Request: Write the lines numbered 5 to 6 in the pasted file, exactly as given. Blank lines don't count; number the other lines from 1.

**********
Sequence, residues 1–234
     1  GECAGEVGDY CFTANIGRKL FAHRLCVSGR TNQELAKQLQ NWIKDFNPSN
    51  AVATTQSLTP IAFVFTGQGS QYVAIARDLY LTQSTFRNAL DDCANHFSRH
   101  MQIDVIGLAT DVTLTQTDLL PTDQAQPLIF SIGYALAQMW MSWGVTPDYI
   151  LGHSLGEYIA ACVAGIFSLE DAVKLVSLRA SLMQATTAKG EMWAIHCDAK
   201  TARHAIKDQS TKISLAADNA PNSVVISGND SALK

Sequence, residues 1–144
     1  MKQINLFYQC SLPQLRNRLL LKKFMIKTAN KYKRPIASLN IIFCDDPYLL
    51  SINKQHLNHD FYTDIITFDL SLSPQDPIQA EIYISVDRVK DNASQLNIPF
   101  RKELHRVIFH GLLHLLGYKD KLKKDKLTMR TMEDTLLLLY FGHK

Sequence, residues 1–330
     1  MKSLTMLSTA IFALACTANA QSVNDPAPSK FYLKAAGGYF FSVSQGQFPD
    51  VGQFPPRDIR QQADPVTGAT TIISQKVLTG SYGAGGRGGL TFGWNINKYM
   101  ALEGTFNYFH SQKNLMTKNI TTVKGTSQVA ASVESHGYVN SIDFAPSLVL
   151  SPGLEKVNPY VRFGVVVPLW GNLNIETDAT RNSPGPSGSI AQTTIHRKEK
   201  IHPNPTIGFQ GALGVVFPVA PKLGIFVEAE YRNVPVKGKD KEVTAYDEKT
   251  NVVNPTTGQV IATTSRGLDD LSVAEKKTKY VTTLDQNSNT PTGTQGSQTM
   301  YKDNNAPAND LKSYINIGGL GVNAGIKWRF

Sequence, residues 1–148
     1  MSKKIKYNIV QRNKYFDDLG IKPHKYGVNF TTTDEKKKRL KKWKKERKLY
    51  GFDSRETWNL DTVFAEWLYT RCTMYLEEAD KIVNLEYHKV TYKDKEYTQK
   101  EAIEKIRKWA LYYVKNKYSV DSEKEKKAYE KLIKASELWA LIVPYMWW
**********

   151  LGHSLGEYIA ACVAGIFSLE DAVKLVSLRA SLMQATTAKG EMWAIHCDAK
   201  TARHAIKDQS TKISLAADNA PNSVVISGND SALK